What happens if something is found which changes your mind about the property?  For instance, you find out the house is slipping off its foundation. You can either say, "I no longer am interested in buying this house," (you back out of the deal and the earnest money is returned to you) or you can say, "I still want to buy this house but the seller must repair the foundation and bolt it before the close of escrow."  At this point, the seller would be free to end the transaction as well, saying "No way!" or agree to make the repair or suggest you split the cost.  No matter what the situation, your agent will negotiate on your behalf, and iron out the wrinkles if possible.

At the end of the inspection period, if all is well, you remove your contingency to back out of the deal due to the physical condition of the property.

While this is going on, you will be working with your lender to get all your information to the funder and get your loan ready to go.  When it is approved, that contingency will be removed.  Please note. Do not make any major purchases (vehicle, furnishings, new credit cards, etc.) during this time. It may negate your ability to get your loan funded.  (Don't laugh…it has happened more than once.)

You will also need to get insurance for your new home. The transaction not close until the escrow company has proof of insurance.  You also might want to get a home warranty.  This is like an insurance policy for a year on items like the heater and the dishwasher.   

Your lender will send an appraiser out to verify the value of the home.  No matter how much you want the home, you can't get a million dollar loan for a thousand dollar home!  When the appraisal comes in, that contingency will be removed.  If the appraisal comes in lower than the agreed sales price, you can back out or possibly negotiate a reduction in the sales price or bring more money in to the closing.  These are issues your Realtor can help you make good decisions about.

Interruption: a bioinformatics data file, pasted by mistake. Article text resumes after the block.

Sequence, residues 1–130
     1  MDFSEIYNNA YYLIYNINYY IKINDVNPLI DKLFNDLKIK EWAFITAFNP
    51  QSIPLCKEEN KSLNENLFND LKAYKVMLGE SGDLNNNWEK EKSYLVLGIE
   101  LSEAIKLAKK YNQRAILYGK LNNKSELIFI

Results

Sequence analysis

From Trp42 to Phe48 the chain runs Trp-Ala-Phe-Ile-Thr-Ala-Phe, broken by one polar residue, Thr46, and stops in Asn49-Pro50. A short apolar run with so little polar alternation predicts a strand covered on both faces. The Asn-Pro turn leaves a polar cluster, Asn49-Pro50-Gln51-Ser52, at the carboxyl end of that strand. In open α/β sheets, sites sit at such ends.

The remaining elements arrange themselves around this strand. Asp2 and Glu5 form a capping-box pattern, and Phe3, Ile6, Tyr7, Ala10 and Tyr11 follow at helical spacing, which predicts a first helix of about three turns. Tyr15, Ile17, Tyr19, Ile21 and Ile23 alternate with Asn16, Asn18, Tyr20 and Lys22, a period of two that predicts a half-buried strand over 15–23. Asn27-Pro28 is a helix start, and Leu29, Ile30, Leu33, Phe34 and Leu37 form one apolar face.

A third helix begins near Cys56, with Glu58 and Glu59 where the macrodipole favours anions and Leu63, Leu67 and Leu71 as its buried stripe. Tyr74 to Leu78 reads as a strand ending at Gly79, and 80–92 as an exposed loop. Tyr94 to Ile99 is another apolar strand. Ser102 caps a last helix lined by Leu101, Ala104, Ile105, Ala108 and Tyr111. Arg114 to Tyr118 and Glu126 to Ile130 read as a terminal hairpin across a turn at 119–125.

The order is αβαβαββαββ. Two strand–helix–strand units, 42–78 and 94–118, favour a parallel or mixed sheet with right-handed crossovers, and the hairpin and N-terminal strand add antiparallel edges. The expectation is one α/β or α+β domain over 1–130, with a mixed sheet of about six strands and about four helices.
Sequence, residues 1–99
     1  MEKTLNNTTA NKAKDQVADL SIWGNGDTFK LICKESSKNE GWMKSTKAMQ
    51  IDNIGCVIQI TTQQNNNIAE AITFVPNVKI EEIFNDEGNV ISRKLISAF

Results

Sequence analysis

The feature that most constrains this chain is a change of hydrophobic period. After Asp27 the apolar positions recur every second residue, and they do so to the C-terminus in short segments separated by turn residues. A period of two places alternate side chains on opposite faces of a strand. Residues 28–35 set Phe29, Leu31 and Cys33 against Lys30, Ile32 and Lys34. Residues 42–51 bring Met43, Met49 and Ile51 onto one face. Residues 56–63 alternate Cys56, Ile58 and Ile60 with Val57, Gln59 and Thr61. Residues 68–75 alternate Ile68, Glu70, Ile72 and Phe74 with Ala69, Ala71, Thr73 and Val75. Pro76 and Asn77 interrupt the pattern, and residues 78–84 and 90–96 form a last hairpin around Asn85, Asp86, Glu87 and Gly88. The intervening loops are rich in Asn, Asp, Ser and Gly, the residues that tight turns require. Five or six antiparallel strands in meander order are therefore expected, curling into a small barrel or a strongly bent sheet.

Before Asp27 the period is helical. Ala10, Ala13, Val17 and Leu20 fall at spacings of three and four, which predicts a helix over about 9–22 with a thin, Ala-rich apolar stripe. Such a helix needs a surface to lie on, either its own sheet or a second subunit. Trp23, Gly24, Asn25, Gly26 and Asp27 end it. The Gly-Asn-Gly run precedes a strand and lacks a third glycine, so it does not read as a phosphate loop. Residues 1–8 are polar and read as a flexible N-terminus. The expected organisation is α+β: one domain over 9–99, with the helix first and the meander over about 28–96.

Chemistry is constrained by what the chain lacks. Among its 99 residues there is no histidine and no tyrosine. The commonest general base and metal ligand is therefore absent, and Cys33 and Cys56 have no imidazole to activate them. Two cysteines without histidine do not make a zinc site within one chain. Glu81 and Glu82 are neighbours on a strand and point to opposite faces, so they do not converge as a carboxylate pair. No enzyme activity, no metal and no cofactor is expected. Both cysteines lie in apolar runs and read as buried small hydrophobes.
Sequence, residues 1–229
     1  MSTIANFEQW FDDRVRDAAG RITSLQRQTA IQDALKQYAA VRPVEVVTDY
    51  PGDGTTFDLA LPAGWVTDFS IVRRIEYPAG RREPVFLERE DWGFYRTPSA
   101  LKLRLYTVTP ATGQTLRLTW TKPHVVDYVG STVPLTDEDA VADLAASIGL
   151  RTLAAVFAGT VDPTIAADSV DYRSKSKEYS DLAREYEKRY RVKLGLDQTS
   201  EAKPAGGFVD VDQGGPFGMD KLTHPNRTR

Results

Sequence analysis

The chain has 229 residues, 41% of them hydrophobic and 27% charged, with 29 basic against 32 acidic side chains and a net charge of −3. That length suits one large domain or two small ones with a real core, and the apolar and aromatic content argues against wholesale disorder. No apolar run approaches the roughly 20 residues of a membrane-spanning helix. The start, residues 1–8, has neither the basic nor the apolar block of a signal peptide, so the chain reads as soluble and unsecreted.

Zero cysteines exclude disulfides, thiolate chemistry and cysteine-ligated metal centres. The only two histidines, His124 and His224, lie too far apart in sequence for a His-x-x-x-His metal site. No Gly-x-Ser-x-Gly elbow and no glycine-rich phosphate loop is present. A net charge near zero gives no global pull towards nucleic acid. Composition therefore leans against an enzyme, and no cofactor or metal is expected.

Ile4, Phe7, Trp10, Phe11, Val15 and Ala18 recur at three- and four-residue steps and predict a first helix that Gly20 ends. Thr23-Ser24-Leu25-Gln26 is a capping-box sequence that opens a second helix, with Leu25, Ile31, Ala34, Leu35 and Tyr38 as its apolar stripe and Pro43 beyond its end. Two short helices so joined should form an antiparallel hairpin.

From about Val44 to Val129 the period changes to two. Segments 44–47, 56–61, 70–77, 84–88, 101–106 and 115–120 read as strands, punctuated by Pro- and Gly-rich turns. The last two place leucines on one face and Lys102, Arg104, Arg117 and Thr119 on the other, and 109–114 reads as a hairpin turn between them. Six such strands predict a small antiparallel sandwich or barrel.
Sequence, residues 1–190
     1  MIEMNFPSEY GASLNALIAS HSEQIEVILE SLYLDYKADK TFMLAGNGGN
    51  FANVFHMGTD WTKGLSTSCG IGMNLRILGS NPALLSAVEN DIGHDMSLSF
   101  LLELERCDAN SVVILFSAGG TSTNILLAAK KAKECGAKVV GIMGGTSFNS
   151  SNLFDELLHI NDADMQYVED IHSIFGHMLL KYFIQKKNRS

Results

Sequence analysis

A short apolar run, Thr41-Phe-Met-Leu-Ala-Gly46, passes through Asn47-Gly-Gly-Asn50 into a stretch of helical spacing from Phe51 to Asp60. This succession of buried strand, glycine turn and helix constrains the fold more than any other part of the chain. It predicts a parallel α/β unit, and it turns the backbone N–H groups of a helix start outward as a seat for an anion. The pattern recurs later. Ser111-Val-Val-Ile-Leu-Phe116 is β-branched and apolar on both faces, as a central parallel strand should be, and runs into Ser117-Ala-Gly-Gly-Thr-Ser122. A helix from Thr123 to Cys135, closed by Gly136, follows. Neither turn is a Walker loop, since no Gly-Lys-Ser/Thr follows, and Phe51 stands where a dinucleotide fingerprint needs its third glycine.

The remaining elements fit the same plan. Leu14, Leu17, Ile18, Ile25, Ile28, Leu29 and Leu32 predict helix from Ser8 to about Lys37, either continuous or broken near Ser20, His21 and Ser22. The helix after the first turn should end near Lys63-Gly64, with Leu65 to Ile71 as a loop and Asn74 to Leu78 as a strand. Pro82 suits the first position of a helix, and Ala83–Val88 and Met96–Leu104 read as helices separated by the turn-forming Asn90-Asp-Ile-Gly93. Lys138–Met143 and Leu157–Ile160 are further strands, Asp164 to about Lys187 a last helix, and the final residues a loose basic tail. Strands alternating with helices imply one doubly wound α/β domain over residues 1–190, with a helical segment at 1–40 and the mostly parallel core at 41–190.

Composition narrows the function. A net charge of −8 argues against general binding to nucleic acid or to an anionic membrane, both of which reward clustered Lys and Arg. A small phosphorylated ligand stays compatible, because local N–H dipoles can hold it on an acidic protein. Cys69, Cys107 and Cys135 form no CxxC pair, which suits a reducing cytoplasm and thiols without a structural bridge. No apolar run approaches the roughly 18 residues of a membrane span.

You may note that as you move through the process, you give up the escape routes you have to get out of the transaction.  Eventually, all contingencies are removed, and the transaction is ready to close.  If you just decide randomly at that point not to go through with the deal, the seller may be able to keep your earnest money if costs were incurred by them.

When all the final paperwork is completed, the escrow company will have you come in to sign the documents.  There could be a ton of paper, so be patient!  You will need to bring your driver's license or other proof of identity. 

When the seller has signed as well, the money from your mortgage is brought in by the lender to add to your down payment.  When all the paperwork is signed and the money is there, the escrow company gets all the money and paperwork to the correct people, and records the sale at the county. 

Congratulations! You are now a homeowner.

This was just an overview.  For more information, make an appointment with a Realtor to discuss questions you may have.

It's a good life!

Nants Foley is a Broker Associate at Flora Real Estate Group in Hollister.  Direct questions, comments or suggestions for column topics to [email protected] or call 831.801.5110.

Nants Foley - Broker Associate

Nants Foley is a real estate broker DRE 01222234 and writer who works throughout California. She makes her home at Quicksilver Farm in San Benito County.